President Donald Trump on Monday announced that he’s nominating federal appellate Judge Brett Kavanaugh to be the 114th justice of the U.S. Supreme Court. How should the U.S. senators who will or won’t confirm him — how should all Americans — judge Judge Kavanaugh?

There was a time when court nominees were evaluated primarily on the basics: ability, experience, knowledge and temperament. Recall that Antonin Scalia, regarded now as a sharp-edged conservative, was confirmed in 1986 by a 98-0 vote of the Senate. Seven years later, Ruth Bader Ginsburg, today’s liberal icon, sailed through 96-3. They were superbly qualified, and that was pretty much that.

Times have changed. Nominations such as Trump’s choice of Kavanaugh have become more partisan and ideological as the court has assumed a bigger role in issues once left to the elected branches. Voters, especially on the right, pay more attention to it than they did 50 years ago. One big factor in Trump’s election was the confidence of conservatives that whatever his ideological unreliability, he would pick conservatives such as Kavanaugh for the court.

In turn, presidents now give much weight to the judicial philosophy of candidates — in part to avoid unpleasant surprises. Abolition of the filibuster for Supreme Court nominations means a president such as Trump, whose party controls the Senate, has little need to choose appointees who can win votes across the aisle.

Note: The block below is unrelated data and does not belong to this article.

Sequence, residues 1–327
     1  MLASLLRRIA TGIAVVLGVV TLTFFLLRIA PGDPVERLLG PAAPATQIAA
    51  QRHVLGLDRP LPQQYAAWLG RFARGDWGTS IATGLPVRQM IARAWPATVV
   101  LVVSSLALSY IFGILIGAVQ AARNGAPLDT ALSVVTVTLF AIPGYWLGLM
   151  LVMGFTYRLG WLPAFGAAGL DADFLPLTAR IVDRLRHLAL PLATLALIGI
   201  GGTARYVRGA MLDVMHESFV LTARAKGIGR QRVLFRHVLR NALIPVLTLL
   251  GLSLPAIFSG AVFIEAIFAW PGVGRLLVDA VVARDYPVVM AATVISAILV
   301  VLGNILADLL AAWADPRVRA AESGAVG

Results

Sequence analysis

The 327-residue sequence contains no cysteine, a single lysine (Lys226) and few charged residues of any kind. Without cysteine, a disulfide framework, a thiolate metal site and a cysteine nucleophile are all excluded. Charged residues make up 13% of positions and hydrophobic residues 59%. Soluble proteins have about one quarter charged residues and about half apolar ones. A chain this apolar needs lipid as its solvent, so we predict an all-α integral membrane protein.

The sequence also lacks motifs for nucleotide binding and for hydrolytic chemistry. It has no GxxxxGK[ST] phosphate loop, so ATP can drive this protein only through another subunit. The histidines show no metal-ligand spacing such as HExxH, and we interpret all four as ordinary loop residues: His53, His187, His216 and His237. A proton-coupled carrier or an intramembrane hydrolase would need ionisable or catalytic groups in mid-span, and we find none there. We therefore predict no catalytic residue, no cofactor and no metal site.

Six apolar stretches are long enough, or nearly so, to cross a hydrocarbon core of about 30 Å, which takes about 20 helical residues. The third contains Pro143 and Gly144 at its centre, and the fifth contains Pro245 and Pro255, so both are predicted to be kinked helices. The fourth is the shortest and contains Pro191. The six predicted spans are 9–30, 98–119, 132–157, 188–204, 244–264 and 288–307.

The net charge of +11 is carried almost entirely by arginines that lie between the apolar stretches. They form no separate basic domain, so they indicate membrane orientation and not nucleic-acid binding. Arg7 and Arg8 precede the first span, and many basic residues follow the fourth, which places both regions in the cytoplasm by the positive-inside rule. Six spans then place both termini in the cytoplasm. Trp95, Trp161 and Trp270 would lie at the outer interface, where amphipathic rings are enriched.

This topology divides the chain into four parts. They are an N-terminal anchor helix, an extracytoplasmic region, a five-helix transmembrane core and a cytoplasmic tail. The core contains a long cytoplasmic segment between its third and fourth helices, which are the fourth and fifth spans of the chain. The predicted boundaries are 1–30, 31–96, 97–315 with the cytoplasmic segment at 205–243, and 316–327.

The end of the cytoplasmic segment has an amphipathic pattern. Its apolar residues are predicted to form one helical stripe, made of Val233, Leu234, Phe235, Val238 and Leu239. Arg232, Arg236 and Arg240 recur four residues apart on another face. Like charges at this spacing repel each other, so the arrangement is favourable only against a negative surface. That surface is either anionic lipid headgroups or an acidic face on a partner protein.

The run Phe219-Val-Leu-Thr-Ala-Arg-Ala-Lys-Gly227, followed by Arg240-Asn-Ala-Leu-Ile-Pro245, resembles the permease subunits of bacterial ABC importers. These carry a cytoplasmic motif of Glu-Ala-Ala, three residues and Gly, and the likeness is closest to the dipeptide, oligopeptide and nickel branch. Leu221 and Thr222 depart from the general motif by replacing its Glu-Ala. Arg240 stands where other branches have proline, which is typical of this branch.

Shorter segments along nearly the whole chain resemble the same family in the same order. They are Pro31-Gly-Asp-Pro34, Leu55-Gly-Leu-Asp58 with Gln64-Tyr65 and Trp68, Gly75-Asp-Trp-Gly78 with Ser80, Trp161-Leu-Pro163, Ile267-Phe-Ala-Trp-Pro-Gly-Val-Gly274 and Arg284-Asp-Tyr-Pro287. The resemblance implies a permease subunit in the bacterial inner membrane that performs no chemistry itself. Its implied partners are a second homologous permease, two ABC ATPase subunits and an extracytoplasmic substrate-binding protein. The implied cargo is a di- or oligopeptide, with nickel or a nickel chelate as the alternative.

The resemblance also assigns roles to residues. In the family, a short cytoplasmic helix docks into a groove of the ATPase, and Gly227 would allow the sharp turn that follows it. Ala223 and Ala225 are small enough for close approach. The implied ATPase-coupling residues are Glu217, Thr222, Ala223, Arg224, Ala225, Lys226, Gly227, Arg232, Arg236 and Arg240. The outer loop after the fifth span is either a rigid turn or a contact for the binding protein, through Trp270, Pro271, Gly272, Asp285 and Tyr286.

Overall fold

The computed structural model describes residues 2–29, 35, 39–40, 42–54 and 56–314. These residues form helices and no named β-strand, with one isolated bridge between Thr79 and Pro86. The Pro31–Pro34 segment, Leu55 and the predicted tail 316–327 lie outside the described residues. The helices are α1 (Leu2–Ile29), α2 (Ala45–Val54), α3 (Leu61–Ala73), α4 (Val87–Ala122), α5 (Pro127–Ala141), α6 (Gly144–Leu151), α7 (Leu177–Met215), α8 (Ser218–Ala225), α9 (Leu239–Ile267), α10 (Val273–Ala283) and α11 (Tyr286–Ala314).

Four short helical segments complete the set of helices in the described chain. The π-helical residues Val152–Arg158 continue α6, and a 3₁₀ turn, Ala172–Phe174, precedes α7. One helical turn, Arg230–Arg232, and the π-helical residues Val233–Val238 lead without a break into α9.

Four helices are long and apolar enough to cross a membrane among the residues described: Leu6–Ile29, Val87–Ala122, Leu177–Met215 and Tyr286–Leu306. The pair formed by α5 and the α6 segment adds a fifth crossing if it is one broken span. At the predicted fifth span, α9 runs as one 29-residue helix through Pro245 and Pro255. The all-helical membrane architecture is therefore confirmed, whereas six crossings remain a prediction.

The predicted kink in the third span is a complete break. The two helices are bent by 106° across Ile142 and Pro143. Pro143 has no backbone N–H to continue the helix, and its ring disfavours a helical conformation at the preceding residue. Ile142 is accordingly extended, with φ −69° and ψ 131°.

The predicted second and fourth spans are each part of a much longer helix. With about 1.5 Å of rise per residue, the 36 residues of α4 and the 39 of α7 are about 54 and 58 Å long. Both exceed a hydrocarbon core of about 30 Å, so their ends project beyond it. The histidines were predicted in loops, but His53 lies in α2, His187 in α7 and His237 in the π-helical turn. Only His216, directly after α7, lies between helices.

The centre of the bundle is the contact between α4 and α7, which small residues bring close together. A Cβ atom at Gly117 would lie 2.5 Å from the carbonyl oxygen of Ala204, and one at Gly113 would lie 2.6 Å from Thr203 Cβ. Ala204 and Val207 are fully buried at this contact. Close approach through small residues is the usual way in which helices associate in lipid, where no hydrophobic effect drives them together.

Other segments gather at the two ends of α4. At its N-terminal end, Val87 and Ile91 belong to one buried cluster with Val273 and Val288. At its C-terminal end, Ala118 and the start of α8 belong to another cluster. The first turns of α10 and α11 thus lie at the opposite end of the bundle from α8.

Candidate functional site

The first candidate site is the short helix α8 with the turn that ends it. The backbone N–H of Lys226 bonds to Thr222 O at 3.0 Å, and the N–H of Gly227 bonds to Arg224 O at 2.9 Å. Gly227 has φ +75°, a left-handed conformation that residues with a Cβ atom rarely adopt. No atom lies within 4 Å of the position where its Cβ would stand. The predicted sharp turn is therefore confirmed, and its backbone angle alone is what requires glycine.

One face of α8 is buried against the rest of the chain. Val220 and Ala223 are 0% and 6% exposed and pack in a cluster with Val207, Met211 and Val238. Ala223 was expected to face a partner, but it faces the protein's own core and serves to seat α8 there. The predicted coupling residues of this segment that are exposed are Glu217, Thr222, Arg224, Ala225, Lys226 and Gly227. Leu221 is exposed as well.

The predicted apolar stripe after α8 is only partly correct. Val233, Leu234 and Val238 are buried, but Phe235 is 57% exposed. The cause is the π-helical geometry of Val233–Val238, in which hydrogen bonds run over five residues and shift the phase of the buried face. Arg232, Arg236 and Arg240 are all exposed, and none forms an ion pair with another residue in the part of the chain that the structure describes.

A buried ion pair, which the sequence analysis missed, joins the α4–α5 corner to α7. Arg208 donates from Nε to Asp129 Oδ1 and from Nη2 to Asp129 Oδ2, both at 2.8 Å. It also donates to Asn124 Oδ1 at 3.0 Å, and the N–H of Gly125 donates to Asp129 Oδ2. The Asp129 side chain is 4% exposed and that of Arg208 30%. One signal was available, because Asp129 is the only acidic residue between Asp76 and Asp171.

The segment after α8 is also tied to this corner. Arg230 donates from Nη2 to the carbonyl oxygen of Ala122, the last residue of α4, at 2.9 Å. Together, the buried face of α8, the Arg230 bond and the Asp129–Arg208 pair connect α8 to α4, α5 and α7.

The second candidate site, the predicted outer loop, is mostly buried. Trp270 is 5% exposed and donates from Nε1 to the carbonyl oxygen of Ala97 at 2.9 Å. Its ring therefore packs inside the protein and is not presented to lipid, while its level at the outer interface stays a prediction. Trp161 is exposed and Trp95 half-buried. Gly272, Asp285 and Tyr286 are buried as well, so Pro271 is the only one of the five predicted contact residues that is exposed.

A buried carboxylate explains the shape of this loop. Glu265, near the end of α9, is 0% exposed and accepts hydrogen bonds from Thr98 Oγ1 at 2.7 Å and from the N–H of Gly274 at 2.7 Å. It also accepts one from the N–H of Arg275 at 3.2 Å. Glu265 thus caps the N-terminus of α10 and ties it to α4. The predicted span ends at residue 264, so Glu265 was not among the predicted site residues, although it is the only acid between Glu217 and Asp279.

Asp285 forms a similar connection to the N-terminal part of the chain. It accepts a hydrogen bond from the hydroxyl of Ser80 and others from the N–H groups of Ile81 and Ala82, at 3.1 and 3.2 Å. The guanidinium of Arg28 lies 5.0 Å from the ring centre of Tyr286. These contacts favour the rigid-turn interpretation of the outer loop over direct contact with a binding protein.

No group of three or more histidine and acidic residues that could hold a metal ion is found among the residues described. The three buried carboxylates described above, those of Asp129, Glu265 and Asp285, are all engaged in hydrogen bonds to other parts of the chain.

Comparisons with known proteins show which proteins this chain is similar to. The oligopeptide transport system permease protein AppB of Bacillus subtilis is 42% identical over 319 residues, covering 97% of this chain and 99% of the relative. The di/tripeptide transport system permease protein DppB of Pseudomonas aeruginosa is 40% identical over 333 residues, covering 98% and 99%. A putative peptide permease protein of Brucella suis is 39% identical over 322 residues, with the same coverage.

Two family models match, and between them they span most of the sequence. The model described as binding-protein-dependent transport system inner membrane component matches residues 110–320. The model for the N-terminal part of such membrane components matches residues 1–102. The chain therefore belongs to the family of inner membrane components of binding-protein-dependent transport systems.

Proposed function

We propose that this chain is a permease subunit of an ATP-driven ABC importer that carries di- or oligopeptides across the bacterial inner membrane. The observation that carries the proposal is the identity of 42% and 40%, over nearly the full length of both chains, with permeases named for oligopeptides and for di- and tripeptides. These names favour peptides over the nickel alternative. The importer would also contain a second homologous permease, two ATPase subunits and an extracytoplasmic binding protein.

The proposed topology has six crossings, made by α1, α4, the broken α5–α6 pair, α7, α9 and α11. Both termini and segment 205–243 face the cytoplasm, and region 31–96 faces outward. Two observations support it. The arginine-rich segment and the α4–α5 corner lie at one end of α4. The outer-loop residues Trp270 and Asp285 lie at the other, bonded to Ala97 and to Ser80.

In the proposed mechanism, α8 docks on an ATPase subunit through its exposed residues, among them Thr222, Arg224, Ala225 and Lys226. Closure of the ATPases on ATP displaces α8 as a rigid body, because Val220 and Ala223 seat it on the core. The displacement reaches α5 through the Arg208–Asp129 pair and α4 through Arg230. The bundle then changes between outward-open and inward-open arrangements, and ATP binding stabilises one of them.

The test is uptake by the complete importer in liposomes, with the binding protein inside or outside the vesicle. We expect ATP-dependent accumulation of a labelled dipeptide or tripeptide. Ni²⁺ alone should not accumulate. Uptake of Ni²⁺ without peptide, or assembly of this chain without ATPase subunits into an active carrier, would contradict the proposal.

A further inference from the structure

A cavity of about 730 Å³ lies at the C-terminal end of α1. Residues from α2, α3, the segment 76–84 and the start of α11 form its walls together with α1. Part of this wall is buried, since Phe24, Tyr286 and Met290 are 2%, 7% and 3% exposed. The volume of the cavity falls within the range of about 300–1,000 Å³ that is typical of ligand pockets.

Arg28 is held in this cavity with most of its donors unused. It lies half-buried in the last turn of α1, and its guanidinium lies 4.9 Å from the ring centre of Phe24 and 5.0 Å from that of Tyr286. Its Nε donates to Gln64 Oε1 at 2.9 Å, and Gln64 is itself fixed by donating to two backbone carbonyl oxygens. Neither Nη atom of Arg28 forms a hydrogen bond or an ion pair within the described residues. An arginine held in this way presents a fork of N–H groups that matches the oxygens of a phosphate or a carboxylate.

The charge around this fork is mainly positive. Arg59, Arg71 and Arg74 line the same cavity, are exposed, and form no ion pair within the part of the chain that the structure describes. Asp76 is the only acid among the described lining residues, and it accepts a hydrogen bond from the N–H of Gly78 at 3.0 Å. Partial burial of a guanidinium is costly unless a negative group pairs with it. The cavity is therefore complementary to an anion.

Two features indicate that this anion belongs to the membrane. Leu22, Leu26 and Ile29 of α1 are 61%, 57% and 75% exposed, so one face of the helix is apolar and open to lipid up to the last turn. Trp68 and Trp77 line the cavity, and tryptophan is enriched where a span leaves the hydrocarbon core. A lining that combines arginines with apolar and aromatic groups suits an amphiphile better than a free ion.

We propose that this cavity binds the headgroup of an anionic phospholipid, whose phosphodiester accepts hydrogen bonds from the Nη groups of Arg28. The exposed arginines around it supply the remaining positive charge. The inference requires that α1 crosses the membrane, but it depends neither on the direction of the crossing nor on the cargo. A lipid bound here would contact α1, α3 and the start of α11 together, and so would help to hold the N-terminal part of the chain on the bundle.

The Tribune’s policy has been to favor candidates who have demonstrated their fitness on objective grounds. In 2010, we praised Elena Kagan, nominated by Barack Obama, as “a first-rate legal mind, a respected scholar and accomplished administrator.” In 2016, we admired Merrick Garland for amassing a “long and stellar record on the federal bench” that “has won nearly universal admiration.” We opposed Harriet Miers in 2005 because she appeared ill-prepared for the job.

All of us should evaluate Kavanaugh not on how he is likely to vote on abortion rights, the Second Amendment or affirmative action, but on more fundamental characteristics. Predicting how a judge will rule on any particular question is a fool’s errand: Ask conservatives who were shocked when Chief Justice John Roberts provided the deciding vote to uphold Obamacare.

More important is weighing whether Kavanaugh will do the job in a careful, conscientious way, with a deep respect for the text of the Constitution, the language of statutes and the different responsibilities of the three branches of government. A justice who acts mainly to advance some political agenda will be wrong even if he or she votes in the way we would prefer.

Kavanaugh’s record suggests that by these standards, he’s highly qualified.

Editorial by the Chicago Tribune

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